Thursday, December 8, 2022


On July 1, 1946, two days before I was born, the Americans conducted the first in a series of nuclear tests called ‘Operation Crossroads’. The tests took place in the middle of the Pacific Ocean, at the Bikini Atoll in Micronesia. On July 5th, two days after I was born, the French fashion designer, Louis Reard, launched a new two piece, swim-suit design in a Paris fashion show. He named his new design the bikini. Both these ‘bikini’ incidents caused some international controversy, thus allowing me to slip unnoticed into this world. Not surprisingly, throughout my life, I have always had a fondness for bikinis.

I was born just ten months after the Second World War ended with the surrender of Japan, and just over a year after the war ended in Europe with the death of Hitler. But memories and signs of the war were everywhere throughout my childhood. Wounded men wearing their ‘de-mob’ suits were a common sight and most cities showed signs of German bombing raids. Playing hide-and-seek with other kids in bomb sites and air raid shelters was just part of the world that I was born into.

My paternal grandfather was a captain in the British Royal Navy, stationed in Portsmouth, an important Naval base where I was born, next to Southampton. Obviously, I was too young to remember, but most of the streets and buildings where my mother gave birth had been demolished by unrelenting German bombing attacks. As a result, following the war, housing was in desperately short supply and my parent’s and my first home was a prefab. Prefabricated homes had been erected during the war as a short term measure for temporarily housing bombed-out families, but prefab estates remained part of the British landscape well into the 1970s.

I was too young to know what I was missing, but the war had caused such food shortages that everything was rationed. My earliest memories are of shopping with my mother and her precious Ration Book. Sugar, butter, cheese, margarine, cooking fat, bacon, meat, and tea were all strictly controlled and carefully accounted for in the Ministry of Food Ration Book. I was almost ten when rationing finally ended and I had my first candy-bar.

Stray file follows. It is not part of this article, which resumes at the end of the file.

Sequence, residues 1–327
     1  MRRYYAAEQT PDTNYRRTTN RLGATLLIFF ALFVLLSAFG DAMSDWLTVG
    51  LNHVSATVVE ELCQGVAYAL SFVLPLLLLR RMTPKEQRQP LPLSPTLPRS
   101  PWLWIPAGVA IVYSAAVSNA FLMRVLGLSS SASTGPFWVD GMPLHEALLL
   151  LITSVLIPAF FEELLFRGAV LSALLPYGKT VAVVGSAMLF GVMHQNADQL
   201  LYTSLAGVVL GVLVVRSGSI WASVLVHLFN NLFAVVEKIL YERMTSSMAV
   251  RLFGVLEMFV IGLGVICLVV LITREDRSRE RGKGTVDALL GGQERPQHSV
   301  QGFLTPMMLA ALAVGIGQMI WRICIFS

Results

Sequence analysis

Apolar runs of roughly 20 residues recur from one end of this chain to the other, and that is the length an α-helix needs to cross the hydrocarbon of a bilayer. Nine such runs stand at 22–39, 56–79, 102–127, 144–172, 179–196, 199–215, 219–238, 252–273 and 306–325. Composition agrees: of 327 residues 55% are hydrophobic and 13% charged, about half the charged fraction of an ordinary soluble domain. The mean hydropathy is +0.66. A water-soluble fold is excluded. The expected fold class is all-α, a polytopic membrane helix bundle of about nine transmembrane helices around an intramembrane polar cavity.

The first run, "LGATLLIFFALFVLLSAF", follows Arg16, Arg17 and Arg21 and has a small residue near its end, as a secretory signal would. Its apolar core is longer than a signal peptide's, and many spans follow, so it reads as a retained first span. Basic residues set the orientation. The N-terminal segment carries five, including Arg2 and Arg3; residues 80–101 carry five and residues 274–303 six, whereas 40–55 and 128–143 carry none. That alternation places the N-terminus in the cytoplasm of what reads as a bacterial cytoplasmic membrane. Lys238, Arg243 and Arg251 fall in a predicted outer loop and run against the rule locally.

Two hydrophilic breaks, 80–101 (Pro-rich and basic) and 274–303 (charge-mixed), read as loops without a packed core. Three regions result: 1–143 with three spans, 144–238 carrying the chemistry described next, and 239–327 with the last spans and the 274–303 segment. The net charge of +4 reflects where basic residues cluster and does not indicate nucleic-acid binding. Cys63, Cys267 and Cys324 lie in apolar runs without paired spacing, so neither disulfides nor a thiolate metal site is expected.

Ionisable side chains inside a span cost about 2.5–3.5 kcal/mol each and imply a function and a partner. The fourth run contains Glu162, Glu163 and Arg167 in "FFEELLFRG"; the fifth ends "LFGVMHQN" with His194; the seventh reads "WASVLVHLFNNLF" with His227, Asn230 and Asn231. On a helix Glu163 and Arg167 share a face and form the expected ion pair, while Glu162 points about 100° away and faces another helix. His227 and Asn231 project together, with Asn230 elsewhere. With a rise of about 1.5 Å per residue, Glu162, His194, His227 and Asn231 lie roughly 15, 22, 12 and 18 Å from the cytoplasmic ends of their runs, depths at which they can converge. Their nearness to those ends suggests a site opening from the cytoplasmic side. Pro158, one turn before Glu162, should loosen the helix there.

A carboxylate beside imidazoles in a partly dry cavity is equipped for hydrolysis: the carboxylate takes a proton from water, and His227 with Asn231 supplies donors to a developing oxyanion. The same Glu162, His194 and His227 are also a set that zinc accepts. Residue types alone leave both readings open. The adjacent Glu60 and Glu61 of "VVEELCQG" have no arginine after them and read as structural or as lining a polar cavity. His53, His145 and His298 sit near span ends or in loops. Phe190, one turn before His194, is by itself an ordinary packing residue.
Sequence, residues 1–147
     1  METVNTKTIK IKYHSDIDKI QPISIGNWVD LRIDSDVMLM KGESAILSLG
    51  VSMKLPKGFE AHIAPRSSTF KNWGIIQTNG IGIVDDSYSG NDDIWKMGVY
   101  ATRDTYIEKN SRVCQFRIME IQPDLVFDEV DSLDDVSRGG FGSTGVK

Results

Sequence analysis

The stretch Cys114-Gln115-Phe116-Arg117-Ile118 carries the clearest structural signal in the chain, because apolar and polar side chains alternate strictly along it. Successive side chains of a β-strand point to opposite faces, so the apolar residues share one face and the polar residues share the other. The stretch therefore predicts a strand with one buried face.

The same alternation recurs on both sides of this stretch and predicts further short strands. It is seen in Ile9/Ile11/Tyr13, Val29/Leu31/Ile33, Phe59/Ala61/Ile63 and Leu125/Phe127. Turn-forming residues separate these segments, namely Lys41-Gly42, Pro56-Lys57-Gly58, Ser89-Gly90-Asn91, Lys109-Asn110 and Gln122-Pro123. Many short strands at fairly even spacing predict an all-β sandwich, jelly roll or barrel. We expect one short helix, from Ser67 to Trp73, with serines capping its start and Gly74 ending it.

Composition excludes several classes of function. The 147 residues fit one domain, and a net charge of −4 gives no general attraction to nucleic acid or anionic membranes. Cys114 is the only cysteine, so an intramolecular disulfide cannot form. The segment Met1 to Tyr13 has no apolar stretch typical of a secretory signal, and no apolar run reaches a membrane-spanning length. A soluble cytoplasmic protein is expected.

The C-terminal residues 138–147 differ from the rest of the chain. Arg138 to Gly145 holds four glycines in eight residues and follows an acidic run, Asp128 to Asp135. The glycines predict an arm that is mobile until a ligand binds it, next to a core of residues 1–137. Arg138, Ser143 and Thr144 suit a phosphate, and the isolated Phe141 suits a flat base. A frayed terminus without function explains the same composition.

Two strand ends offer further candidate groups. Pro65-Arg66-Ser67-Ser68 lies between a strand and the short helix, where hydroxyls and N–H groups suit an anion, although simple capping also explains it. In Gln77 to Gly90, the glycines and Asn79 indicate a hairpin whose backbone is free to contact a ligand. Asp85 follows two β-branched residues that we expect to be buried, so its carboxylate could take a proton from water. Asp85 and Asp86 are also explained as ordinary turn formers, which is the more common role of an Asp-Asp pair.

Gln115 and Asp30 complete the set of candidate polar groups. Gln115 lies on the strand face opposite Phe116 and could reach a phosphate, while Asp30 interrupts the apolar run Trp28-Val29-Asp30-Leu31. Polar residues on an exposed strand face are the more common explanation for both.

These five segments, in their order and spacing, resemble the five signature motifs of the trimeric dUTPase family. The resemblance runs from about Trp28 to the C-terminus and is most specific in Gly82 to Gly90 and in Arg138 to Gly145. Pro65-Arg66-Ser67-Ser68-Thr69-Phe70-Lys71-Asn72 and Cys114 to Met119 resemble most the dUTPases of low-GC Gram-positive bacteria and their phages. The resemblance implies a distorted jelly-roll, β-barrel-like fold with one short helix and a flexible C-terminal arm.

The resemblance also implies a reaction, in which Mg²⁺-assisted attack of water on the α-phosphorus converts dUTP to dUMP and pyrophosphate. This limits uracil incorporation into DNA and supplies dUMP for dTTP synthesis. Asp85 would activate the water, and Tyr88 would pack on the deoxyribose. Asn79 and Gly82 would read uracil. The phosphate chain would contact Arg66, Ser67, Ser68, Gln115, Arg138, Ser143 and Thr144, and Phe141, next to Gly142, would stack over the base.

Despite the austerity, the rationing, and the ever present bombsites, the Britain I was born into was truly Great Britain. It had emerged victorious from a terrible world war, it was the center of the greatest empire that history had ever known, its language was spoken and recognized worldwide and, along with the United States of America and the Soviet Union, it was a world Super-Power. On the day of my birth, July 3, 1946, Great Britain was still at the pinnacle of its power, but in the almost eighty years that have passed since then, there has been a slow, steady, cruelly inexorable decline; Great Britain has become Brexit.

In my mid 30s I moved to the United States and have lived here ever since. After all the gloomy English class divisions and labor unrest of the late 70s, the America where my family and I settled, was a sunny, friendly land of boundless optimism; our friends were equally divided between Democrats and Republicans, political discourse was cordial and there was a widespread understanding that with hard work and a cheerful disposition, anything was possible. Growth and steady progress was seen as an ineluctable Law of Nature. But today I live in a nation bitterly divided between Blue States and Red, where political discourse is impossible, gun violence and mass-shootings are a common occurrence and most people are fearful for their future.

The purpose of this book is to trace Great Britain’s national decline and show how my fellow countrymen and my generation of fellow ‘baby-boomers’ have accepted and adapted, or ignored and denied that sad transformation of our once proud heritage. It will also trace and describe, if not explain, how the sunny and optimistic America of the 1980s has become a dark, distrustful nation of fear. The book will show how the baby-boomer generation, born with such promise and blessed with such wealth, is leaving the world a darker and a sadly poorer place.



 My current work in progress is a book about how the world has changed since I was born in 1946.

I will post excerpts here, from time to time, as the book progresses.

Sunday, November 13, 2022


 Does the Miami Herald have the moral and political fortitude to announce, or at very least, publish this letter, announcing that these midterm results have finally confirmed (two years later) that ‘DONALD TRUMP IS A LOSER’?

Friday, November 4, 2022

Shades of the Molotov–Ribbentrop Pact

Vladimir Putin had many motives to support Trump’s candidacy in 2016, if for no other reason than his dislike of Hilary Clinton. But now, in 2022, he has far more serious reasons to support Trump’s political advance, and to use all the power and resources of the Russian clandestine agencies.